Five ways to build the child advocacy movement

A conversation with Marquita Little Numan, the new Executive Director of the Partnership for America’s Children


Image courtesy of Jennifer Missouri Photography.

“Everything we do in the child advocacy movement is in service to the families and the children,” says Marquita Little Numan. “So everything that I do here is in service to how we strengthen that child advocacy movement.” 

A long-time advocate for children and families, Marquita Little Numan approaches her new role as Executive Director of the Partnership with humility, grace, and an infectious laugh. In this interview, Marquita shared her vision for the vibrant network of advocates that makes up the Partnership, and how together we can build an even stronger child advocacy movement around the nation.

1. Recognize & strengthen the central role of families and children

One of the most welcome trends Numan sees nationwide is a shift towards centering the lived experience of parents and children in advocacy. She sees organizations going deeper to collaborate with families and youth by truly listening and amplifying their voices. 

Organizations are taking on a whole new set of challenges to do their work differently. But the result is much greater accountability, when families and youth are not just reacting to a policy agenda that was already set for them. Instead, they’re actually at the priority-setting table to determine what those policies will be.

2. Listen to the specific needs and challenges of a rapidly-changing leadership cohort

“I’m careful about saying, ‘I’ve been in your shoes,’ because you can’t totally understand someone else’s experiences,” says Numan, “But as someone who has been on the ground as a state-level advocate, I have a certain level of empathy and understanding for what they’re navigating.” Numan was speaking to the rapidly changing nature of advocacy.

Advocacy organizations have a very different set of needs than they had ten or fifteen years ago. As long-time leaders have retired and transitioned to other roles, incoming leaders have more diverse identities, like race, ethnicity and gender identity, and are from various sectors. Since the pandemic, the nature of work and advocacy has also changed altogether.

“The best thing that we can do,” says Numan, “is just ask these leaders, ‘How can we best support you?’ There are common challenges that every leader will face, but I think there really are unique challenges and opportunities as well. We strengthen child advocacy by helping to support and build strong, diverse leaders.”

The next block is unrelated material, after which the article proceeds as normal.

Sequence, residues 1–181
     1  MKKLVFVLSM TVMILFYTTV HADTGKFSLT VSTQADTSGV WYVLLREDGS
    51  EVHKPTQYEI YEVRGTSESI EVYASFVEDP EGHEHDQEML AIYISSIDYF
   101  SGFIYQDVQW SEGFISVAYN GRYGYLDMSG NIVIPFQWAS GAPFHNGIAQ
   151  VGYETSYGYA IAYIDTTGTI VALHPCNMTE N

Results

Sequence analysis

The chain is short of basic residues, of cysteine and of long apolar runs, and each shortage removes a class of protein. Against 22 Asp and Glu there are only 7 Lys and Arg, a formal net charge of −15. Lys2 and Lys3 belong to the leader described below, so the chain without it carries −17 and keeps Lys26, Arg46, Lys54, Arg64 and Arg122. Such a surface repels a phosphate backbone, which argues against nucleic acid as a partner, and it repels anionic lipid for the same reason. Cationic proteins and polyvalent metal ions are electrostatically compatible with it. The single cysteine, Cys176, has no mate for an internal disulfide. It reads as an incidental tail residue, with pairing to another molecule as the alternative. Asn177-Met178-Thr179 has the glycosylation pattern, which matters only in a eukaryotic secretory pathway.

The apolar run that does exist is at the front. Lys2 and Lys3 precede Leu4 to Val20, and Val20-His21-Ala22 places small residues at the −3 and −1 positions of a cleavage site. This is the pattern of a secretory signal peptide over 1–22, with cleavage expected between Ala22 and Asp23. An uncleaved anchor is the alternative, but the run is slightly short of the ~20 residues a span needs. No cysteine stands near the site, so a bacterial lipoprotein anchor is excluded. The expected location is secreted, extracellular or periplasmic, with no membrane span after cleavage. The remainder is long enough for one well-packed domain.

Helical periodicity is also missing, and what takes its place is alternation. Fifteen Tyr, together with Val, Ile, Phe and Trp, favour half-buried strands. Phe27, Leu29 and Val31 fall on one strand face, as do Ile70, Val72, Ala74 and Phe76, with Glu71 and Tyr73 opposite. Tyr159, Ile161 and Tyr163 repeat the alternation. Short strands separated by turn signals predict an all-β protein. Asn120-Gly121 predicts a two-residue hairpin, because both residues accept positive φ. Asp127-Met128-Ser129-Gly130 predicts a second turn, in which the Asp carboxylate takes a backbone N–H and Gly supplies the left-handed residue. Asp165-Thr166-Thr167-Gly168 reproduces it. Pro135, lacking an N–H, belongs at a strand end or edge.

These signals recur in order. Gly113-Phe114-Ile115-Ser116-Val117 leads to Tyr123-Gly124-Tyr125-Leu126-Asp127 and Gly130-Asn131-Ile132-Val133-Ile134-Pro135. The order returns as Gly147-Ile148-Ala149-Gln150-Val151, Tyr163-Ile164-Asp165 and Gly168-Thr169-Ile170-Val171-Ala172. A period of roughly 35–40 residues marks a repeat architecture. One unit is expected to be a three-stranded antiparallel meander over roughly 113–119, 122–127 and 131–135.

3. To advance equity in a politically-polarized environment, use both strategy and empathy

“We won’t get to where we need to be from a policy standpoint if we don’t do the race equity and inclusion work,” says Numan. “Because for so many of the issues that we’re advocating around, certain groups of children and families are disproportionately impacted.”

In Numan’s view, working for equity may look different in different places. In one state, an organization’s equity work may mean a more internally-facing commitment to build an anti-racist workplace culture or beginning to disaggregate the data to analyze policy issues better and understand who is most impacted. In another state, an organization may build a public-facing campaign around equity in education or closing the racial wealth gap for families. 

As an Arkansas native Arkansas, Numan says she often struggled with the inherent tension between racialized politics and personal values. “What matters most?” she asks, “Are we changing policy or changing hearts? I would love to change hearts, but the reality is, that’s longer-term work in many places. In the meantime, children and families are being impacted today by oppressive policies.” The strategies then should be adaptable because it looks very different in different places.

4. Bring a servant’s heart to the work

“As I was growing up, my mother never said to me, ‘Treat people well. Be an advocate. Stand up for fairness. Even if you don’t have a lot of resources, there’s still something you can give.’ She never said any of that to me. She just did it.” 

Marquita’s mother, Connie, recently retired from a 27-year career in hunger relief and food insecurity. Raising her own children, she also mentored other young mothers throughout her career, even as she helped organizations build hundreds of after-school feeding programs and food pantries.

“She reminds me to always remain humble, to always lead with a servant’s heart,” says Numan. “You will never lose sight of where you’re headed when you prioritize being of service to others and doing it with humility.”

5. Start with one-on-one relationships

Numan joins the Partnership at a time when the organization is undertaking a new strategic plan and vision. Building trusting, strong relationships throughout the membership is one of her top priorities to make that vision a reality. To strengthen the child advocacy movement, there has to be professional trust among the members. 

“If we haven’t built that, how can we have transparent conversations?” asks Numan. “How can we talk about what it is we really need? How can we talk about how the Partnership can become better? These are the conversations that make us all stronger.” Her starting point is one-on-one conversations to cultivate those relationships – and though it may take time, she intends to have those with every member. 

“I’m just incredibly excited about what we are building,” says Numan, “because I really think we’re going to build something great.”